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Archaeologists at the University of Washington discovered three Bunostegos skulls in the rocks of the Moradi Formation in Niger. The details behind these fossilized remains will be published in next month's issue of the Journal of Vertebrate Paleontology.
The skulls are believed to date back to the late Permian period, more than 250 million years ago, and older than many dinosaur fossils seen today in museums.
Originally posted by emberscott
I am not convinced that the image reflects what this may have truly looked like. It is entirely possible that it was quite beautiful and not in any way hideous at all. The world may never know.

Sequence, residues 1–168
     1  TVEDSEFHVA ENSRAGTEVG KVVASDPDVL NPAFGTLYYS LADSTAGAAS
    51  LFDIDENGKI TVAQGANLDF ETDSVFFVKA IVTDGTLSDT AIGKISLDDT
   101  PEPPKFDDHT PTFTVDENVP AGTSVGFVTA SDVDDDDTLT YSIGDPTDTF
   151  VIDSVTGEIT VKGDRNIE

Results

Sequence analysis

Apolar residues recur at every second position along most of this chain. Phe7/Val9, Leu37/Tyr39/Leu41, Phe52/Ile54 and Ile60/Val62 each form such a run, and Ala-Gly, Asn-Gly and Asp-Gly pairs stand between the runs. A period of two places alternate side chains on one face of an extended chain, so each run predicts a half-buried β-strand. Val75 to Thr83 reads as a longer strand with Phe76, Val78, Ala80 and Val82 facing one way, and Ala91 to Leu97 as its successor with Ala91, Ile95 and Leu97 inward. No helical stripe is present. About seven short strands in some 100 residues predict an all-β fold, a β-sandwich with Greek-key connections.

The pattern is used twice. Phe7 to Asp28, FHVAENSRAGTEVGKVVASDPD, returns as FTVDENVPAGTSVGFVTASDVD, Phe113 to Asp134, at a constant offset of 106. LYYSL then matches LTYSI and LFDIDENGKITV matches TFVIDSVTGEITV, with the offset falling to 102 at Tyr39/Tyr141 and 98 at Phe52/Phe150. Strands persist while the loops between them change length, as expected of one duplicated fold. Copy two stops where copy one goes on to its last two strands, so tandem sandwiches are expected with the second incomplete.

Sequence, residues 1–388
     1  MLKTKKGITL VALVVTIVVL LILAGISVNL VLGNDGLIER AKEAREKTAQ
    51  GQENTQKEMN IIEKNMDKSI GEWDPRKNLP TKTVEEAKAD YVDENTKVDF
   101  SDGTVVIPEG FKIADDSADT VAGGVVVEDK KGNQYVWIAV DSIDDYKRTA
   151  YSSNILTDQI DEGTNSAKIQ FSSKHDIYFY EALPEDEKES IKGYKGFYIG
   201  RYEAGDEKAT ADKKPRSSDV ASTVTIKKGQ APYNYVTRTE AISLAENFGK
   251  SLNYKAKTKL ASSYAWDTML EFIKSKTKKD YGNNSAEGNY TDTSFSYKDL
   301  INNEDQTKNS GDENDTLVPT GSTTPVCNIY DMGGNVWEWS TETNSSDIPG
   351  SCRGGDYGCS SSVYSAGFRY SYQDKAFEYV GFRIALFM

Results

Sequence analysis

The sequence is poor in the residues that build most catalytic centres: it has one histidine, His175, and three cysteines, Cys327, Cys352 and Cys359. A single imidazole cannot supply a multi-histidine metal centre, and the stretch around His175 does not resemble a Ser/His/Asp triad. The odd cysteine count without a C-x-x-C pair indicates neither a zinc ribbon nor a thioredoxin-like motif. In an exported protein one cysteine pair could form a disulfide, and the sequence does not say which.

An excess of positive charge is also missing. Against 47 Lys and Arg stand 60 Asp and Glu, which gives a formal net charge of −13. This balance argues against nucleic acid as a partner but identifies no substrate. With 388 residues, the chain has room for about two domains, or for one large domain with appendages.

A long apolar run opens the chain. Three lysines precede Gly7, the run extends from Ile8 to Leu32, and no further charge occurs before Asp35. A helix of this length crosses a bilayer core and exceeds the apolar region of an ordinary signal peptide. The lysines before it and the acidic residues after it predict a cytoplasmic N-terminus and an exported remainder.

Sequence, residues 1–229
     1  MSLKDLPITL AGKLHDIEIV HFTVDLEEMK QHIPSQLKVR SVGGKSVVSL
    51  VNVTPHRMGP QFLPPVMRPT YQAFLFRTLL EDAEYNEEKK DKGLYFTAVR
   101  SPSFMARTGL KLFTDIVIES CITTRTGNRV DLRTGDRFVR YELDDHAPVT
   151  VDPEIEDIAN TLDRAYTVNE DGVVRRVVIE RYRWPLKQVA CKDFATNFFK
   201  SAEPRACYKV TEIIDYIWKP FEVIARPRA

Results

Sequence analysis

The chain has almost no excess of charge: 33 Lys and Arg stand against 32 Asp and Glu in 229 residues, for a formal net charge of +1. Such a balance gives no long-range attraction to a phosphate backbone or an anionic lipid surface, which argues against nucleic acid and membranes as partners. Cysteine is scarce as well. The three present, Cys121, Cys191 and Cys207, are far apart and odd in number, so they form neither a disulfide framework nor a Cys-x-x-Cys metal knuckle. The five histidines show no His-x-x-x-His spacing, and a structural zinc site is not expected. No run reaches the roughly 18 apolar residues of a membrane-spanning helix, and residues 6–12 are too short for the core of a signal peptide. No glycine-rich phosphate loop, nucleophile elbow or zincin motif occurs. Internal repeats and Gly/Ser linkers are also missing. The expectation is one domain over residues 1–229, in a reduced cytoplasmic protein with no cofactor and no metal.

Skull fossils found in what is now northern Niger show a series of distinctive bony knobs decorating the animal’s skull — hence the name Bunostegos, which means "knobby roof," or skull. These knobs were probably skin-covered horns such as those of giraffes, and may have been used by Bunostegos to recognize other members of its species. Other pareiasaurs had knobs like these, but they weren’t as large, the researchers said.
I always wondered how they can assume that extinct species were a certain color or what they may have sounded like. The size/shape can be reconstructed via the fossils found but the cosmetic looks after that is what one would assume to be guess work, more or less.
Originally posted by ShadellacZumbrum
I wonder what they ate in the desert . .. . .. . Sand ?